But how does this fit in with actions of self-sacrifice which are actions which are contrary to self-interest? Sometimes we rise above self-interest. What about that?
I don't think self-sacrifice ever rises above self-interest, but to make sense of this we have to recognize there are several aspects of consciousness we call "self."
From having a physical body (some would say, from being
a physical body) comes self traits of physical survival and physical desires. When we are acting to preserve or satisfy our physical existence and desires, and no other factors are in play, then we will fight hard to survive or get what we lust for. There are also traits we identify as "self" which come from conditioning, personal tastes, and personal aversions. All of the above, interestingly, was described by the Buddha as the acquired self
(FYI, I am not a Buddhist).
Some people claim, and seem able to demonstrate, that there is more self-potential than physical or acquired interests. For example, some of us give to others in various ways from love to charity. Why? Because it feels good to do so. Yes, there are people who give because, say, their religion tells them they should, and so get only whatever satisfaction one gets from living according to one's beliefs. But in either case, the reason a person gives is in hope of personal reward.
But let's add a bit of complication to the issue, such as your child is about to be burned alive and to save her you have to risk death (i.e., your self-sacrifice scenario). What feels worse to your self, to watch your child burn alive or to risk death? Socrates will be sentenced to death unless he conforms to Greek laws, but it is more painful for him to renounce his principles than it is to die. Jesus is faced with an agonizing death on the cross as an assignment from God (or so he believes), but his devotion to serving God is so great that it pains him more to not do God's bidding than it does to suffer on the cross.
So with both aspects of self, all actions are taken out of self-interest, it's just that what kind of person we are is determined by which self aspect is dominant in us. When the temporary, immediate, physical, wanting, needy self is king, then the deeper, more enduring, giving, caring self is stifled. We call that "selfish." Those of us who've come to love the deeper self know the "satisfaction" of the selfish self is very, very short-lived, requires constant resupplying, and never achieves the peace of lasting fulfillment.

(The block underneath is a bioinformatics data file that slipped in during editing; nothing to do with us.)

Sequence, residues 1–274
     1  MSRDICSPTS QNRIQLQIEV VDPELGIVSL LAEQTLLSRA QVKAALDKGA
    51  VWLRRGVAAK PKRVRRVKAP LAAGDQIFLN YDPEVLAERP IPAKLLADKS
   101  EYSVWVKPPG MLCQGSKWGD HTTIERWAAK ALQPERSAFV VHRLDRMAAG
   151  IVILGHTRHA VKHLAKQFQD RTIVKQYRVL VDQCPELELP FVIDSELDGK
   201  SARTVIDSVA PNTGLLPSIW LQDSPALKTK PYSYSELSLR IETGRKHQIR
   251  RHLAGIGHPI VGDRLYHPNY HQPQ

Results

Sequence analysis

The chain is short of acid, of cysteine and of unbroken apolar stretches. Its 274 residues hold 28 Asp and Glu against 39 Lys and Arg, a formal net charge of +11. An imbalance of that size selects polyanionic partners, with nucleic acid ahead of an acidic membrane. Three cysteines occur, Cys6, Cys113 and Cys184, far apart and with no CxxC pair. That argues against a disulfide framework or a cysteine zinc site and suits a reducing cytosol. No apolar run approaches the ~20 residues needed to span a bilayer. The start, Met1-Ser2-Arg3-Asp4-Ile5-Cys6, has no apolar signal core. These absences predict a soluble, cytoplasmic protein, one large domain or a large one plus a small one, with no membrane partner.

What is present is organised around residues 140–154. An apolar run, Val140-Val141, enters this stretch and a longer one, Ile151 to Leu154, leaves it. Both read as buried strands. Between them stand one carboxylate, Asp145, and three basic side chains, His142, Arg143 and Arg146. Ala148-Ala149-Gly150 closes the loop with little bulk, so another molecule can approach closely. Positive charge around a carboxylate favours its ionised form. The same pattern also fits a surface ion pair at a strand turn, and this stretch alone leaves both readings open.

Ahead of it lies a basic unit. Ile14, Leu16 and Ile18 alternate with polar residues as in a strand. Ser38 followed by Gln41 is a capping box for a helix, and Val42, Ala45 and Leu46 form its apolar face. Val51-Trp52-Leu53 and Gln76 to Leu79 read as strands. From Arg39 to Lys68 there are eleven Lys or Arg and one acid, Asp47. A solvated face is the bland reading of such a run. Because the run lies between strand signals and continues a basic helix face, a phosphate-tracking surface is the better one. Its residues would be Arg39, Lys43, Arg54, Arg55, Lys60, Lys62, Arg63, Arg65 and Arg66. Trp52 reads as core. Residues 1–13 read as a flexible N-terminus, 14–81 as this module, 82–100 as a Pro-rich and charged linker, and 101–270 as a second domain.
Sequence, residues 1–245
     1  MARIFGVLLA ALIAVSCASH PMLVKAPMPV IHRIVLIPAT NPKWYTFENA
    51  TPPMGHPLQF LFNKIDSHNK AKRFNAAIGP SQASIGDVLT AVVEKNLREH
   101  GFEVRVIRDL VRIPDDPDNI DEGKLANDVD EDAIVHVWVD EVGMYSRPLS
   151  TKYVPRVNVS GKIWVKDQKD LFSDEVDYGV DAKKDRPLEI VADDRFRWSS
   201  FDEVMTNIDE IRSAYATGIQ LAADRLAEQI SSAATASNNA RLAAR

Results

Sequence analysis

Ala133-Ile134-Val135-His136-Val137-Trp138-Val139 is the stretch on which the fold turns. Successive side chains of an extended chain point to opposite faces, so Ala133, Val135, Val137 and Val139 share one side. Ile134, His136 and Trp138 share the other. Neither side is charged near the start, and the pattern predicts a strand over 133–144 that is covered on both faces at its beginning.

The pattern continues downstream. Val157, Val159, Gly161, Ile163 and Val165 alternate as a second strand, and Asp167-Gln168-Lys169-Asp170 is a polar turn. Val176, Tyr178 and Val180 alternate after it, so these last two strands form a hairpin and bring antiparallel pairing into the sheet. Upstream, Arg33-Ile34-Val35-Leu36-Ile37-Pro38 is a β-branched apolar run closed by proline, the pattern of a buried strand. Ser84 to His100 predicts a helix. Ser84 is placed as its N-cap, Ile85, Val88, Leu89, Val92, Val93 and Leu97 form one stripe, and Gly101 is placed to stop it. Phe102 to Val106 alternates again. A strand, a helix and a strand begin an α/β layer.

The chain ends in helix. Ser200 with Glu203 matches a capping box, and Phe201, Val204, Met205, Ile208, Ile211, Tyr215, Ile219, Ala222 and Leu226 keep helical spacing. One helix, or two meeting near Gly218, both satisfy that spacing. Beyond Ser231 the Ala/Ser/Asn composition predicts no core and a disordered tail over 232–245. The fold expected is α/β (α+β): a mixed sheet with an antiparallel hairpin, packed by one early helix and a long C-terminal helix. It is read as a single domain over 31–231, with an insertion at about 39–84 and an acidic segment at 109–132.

I think to fully understand how, and especially why
, everything we do is out of self-interest, we also have to have clear insight into our own nature. We are feeling beings, everything we do attempts to work toward feeling good (and failing that, to avoid feeling bad). The reason there are miserable people is because much stuff we pursue we in hopes of feeling good actually makes us feel bad. Some people hate because they fear their hate object will make them feel bad. People take drugs to either feel good or escape feeling bad; even suicide is an effort to escape bad feeling. Eat, have sex, have a family, get rich, win the marathon, look beautiful . . . you name it, with it all we have our hopes pinned on it to makes us feel good.
If the need to feel good is our nature, then the real question is, what actually works in that regard? The selfish perspective is ME NOW, and often, NOT YOU if others might interfere with "me now." That person is looking to feel good, and so is self-interested. But so is the saint who is giving of himself, it's just that he is looking to feel good by relying on a whole other aspect of his being . . . an aspect that I have observed seems to make one feel more deeply and lastingly good.